A Diversity Doctor’s Best Lessons from the Campus; Book Review By Kathy-Anne Jordan, .Ed.D, is Associate professor of education at Mercy College in New York.

 “In Taking on Diversity, Rupert W. Nacoste examines the struggles and emotions related to our encounters and interactions with diverse others and provides strategies to facilitate peaceful intergroup relations. Neodiversity is the term he uses to describe the various social markers of difference—race, class, religion, ability, sexual orientation, and so on—that we encounter on a daily basis and the anxiety that often results from interacting with others who vary from us in terms of one or more of these markers. Neodiversity, then, not only describes the current social landscape, it refers to our encounters with difference across a variety of contexts, and therefore requires that we learn how to adapt; specifically, it requires change in how we think about and respond to diversity.    

     At a time when students on college campuses across the United States are posting photos of themselves in Blackface, and college administrators are responding to an overall increase in racial incidents and protests, Nacoste’s work provides a valuable contribution to a much-needed conversation on race and underscores the importance of teaching young people how to accept and respect, rather than simply tolerate, diverse others

    Nacoste’s approach to teaching has earned him the respect of his students because it is infused with passion, life experiences, and personal values; he also provides a safe space for honest, open dialogue, which is extremely important in a classroom of over fifty neodiverse students discussing sensitive topics. In his course on interpersonal relationships and race, [along with the social psychology] students learn historical truths about America’s racial past, which replace the sanitized and “sales pitch” versions of American history—commonly taught in middle and high schools—that breed ignorance, insensitivity, and intolerance.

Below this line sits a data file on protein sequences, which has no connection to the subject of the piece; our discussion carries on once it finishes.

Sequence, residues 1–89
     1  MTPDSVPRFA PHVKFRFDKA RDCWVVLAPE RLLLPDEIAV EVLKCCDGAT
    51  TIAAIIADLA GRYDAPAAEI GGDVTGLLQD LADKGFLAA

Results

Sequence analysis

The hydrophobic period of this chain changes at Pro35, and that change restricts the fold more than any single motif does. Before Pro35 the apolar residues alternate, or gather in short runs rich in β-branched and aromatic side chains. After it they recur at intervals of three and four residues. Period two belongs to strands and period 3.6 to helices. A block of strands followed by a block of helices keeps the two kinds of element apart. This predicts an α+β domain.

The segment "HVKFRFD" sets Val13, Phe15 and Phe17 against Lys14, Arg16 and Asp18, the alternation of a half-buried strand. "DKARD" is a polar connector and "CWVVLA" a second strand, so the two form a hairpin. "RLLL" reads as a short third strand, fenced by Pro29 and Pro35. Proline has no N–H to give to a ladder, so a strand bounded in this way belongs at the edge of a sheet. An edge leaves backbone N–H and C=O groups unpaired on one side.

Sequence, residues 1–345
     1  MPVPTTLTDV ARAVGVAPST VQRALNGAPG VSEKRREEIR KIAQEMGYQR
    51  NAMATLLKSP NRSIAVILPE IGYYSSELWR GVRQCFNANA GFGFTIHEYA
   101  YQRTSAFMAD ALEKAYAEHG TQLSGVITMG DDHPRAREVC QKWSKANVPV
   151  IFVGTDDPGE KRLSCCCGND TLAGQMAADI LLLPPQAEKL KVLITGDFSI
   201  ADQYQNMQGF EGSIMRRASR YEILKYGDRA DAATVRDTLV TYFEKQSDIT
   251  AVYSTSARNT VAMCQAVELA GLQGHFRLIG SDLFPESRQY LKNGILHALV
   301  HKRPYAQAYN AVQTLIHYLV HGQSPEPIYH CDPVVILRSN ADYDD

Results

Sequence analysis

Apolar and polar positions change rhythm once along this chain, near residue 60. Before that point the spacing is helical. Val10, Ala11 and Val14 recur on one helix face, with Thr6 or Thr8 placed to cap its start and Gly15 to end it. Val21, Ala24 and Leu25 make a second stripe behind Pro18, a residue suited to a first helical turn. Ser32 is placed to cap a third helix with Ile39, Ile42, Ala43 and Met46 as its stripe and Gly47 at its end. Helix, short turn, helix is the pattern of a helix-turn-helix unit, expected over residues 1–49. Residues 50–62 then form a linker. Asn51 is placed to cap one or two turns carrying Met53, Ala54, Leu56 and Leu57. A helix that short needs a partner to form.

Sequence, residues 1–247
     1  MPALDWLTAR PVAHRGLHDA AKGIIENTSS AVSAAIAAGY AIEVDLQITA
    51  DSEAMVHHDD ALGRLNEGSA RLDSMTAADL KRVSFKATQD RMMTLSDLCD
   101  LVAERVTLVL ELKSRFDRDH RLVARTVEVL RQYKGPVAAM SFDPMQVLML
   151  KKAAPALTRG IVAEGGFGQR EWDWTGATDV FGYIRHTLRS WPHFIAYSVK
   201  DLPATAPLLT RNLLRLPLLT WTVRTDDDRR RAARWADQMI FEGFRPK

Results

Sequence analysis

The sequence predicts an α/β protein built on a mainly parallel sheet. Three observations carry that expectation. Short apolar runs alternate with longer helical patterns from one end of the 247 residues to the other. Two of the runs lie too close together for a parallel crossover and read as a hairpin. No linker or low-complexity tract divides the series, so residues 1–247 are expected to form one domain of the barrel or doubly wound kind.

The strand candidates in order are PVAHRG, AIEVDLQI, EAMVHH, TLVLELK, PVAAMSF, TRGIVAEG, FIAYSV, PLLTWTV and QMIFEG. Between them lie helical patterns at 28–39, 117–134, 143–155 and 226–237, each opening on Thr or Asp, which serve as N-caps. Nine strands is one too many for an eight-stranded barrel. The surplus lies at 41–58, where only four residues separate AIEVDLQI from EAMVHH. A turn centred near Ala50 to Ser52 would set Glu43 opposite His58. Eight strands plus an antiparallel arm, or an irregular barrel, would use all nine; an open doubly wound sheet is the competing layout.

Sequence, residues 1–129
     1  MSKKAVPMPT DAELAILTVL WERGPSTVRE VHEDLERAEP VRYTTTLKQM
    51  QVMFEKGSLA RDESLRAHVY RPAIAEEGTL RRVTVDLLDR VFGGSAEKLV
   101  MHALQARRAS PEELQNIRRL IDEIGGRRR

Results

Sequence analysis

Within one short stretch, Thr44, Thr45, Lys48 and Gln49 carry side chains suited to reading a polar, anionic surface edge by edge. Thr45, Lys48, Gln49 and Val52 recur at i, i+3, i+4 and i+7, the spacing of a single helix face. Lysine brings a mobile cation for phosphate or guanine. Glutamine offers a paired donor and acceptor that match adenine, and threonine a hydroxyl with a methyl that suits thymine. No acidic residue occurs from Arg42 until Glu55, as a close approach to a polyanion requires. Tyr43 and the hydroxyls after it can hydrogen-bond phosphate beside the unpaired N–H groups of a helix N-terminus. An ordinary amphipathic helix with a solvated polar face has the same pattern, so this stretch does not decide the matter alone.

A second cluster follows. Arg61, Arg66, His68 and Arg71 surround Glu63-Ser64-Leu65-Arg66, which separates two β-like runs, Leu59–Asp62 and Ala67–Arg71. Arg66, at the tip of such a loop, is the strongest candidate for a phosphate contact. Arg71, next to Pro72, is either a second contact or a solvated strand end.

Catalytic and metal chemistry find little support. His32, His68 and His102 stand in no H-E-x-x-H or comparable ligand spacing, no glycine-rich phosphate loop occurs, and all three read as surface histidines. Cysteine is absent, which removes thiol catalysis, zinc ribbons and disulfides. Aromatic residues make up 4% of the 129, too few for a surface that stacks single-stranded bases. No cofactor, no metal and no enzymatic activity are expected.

In preparing his students for the neodiversity that confronts them, Nacoste teaches them about the social psychology of interpersonal/intergroup dynamics; they learn to evaluate and respond more effectively to the intergroup tensions that emerge when people from different backgrounds interact with each other. Through first-person narratives included within each of the eight chapters, the book offers a brief, but candid glimpse into the minds of young people as they struggle to understand and resolve the dilemmas of diversity within their own lives. Although the work mainly focuses on the experiences of college students, readers will immediately recognize that the book offers useful insights that can benefit all of us.”

 That review really captures the heart of my book.  Even so, I am not a “diversity doctor.”

 I am a social psychologist.

 See, I just can’t let it go.        

 You can find the complete review in Global Education Review, 3 (4). 176-177 which you can access here:

posted by Rupert  |   8:33 PM  |   0 comments